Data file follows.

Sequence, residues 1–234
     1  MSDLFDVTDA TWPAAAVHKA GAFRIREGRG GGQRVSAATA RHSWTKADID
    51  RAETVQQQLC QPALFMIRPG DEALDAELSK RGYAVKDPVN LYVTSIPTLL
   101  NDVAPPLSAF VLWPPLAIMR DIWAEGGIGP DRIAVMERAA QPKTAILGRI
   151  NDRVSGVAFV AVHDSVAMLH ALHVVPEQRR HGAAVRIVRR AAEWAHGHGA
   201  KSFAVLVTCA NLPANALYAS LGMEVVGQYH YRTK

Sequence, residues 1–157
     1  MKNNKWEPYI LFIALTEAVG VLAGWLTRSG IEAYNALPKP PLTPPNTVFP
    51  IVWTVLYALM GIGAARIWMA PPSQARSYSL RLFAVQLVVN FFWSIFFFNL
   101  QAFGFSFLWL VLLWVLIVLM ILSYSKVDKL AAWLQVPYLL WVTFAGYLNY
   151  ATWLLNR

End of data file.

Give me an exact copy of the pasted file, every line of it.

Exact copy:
Sequence, residues 1–234
     1  MSDLFDVTDA TWPAAAVHKA GAFRIREGRG GGQRVSAATA RHSWTKADID
    51  RAETVQQQLC QPALFMIRPG DEALDAELSK RGYAVKDPVN LYVTSIPTLL
   101  NDVAPPLSAF VLWPPLAIMR DIWAEGGIGP DRIAVMERAA QPKTAILGRI
   151  NDRVSGVAFV AVHDSVAMLH ALHVVPEQRR HGAAVRIVRR AAEWAHGHGA
   201  KSFAVLVTCA NLPANALYAS LGMEVVGQYH YRTK

Sequence, residues 1–157
     1  MKNNKWEPYI LFIALTEAVG VLAGWLTRSG IEAYNALPKP PLTPPNTVFP
    51  IVWTVLYALM GIGAARIWMA PPSQARSYSL RLFAVQLVVN FFWSIFFFNL
   101  QAFGFSFLWL VLLWVLIVLM ILSYSKVDKL AAWLQVPYLL WVTFAGYLNY
   151  ATWLLNR